Based on the distribution of mMCP6-positive MC in the trachea, we explored multiple methods for labeling MC in situ. For imaging MC in the trachea, we modified the slice method previously validated for lung [5,8]. Briefly, the trachea was excised and slit lengthwise to create a flat sheet of tissue and expose the lumen (Fig. 2A). We tested multiple MC protease promoter-GFP and ckit-GFP reporter mice but found that they did not effectively highlight MC in the mouse respiratory tract (data not shown). Adoptive transfer of GFP-expressing bone marrow-derived, cultured MC to MC-deficient KitW-sh/KitW-Sh mice did not achieve high-level reconstitution in the proximal airway. We therefore modified the approach of Cheng et al. [3] to take advantage of a monoclonal mouse IgE antibody with specificity for ovalbumin (anti-OVA IgE) [9]. By incubating tracheal preparations with Alexa647-conjugates of anti-OVA IgE, we obtained strong surface labeling of cells with sizes and locations matching those seen after immunohistochemical staining (Fig. 2B). Depending on tissue microenvironment, many tracheal MC had elongated morphologies.

Fig 2. Mast cell staining and imaging methods and validation.

(A) Method for excising and mounting trachea for imaging. (B) Baseline anti-OVA Alexa 647-IgE MC staining in the trachea of a CD11c-EYFP x Actin-CFP mouse. (C) Anti-OVA Alexa 647-IgE MC staining in trachea of the Basoph8 reporter strain and the basophil deficient Basoph8 × Rosa-DTα. (D) Co-localization of mMCP6 and anti-OVA Alexa 647-IgE in fixed, permeabilized tracheal whole mount. The background red staining of non-MC was an artifact introduced by the fixation necessary for mMCP6 staining and was not present in unfixed trachea. (E) Normalized ratiometric measurement of cytosolic Ca2+ flux in FURA-2AM-loaded, IgE receptor-positive RBL-2H3 cells. Cells were incubated with anti-OVA Alexa 647-IgE, then Ca2+ flux was measured with or without addition of anti-Mouse IgE (cross-linker).

Given that basophils and MC both express Fc receptors for IgE, we sought to test more vigorously whether the cells we highlighted were indeed MC. Fig. 2C shows staining of trachea in mice that either had basophils (Basoph8 Cre allele alone) or lacked them (Basoph8 (Cre) x Rosa-DTα) [10]. This demonstrates persistence of IgE-binding cells in basophil-depleted tissue. By contrast, no IgE-labeled cells were found in the lung of basophil-depleted mice (data not shown). When immunostaining for mMCP6 was combined with IgE labeling, the two colocalized in most cells (Fig. 2D), indicating that most or all IgE-labeled cells in the trachea were in fact MC. Although IgE binding is thought not to initiate MC signaling, and thus Alexa 647-IgE staining should not alter cellular function, cross-linked IgE can induce signaling in MC. To determine whether our Alexa 647-IgE antibody contained multimeric forms sufficient to induce signaling, we loaded RBL-2H3 cells with Alexa 647-IgE conjugate and assessed initiation of an intracellular signal by calcium imaging (Fig. 2E). Incubation of cells with Alexa 647-IgE alone did not induce a calcium signal. However, when cell-bound IgE was cross-linked with anti-IgE secondary antibody, robust calcium transients were observed. This indicates that Alexa 647-IgE itself is not likely to initiate signaling and change cell behavior in living tracheas.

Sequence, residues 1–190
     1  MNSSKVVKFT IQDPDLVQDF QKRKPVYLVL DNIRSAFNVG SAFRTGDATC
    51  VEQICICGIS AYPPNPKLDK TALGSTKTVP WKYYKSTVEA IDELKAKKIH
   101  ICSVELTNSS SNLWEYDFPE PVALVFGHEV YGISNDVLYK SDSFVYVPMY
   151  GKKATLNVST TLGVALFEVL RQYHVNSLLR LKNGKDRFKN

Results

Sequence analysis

Differential distribution and motility of tracheal MC and DC after allergen challenge

We next sought to determine the dynamic behavior of MC and DC in living tracheal preparations. To this end, we used the approach just described and introduced antibodies to CD31 to highlight blood vessels of the trachea and performed live-imaging, collecting large volumes at 5-μm step size every 20 seconds to 1 minute for 20 minutes up to 1 hour. As shown in Fig. 3A and quantified in Fig. 3B, after allergen challenge, DC were more numerous but the number of MC was little changed. In addition, Z-projections (Fig. 3A) demonstrated and measurements confirmed (Fig. 3C) that MC were distributed broadly through the ~60–100 μm thickness of the tracheal wall. In contrast, ~80% of DC were located within 20 μm of the luminal surface of the epithelium. Across multiple sections quantified (Fig. 3C), there was no significant difference between the spatial distribution of either cell type in the trachea of saline- and ovalbumin-challenged mice.

Fig 3. Spatiotemporal interactions of anti-OVA IgE Alexa 647 MC and DC in PBS- and OVA-challenged tracheas.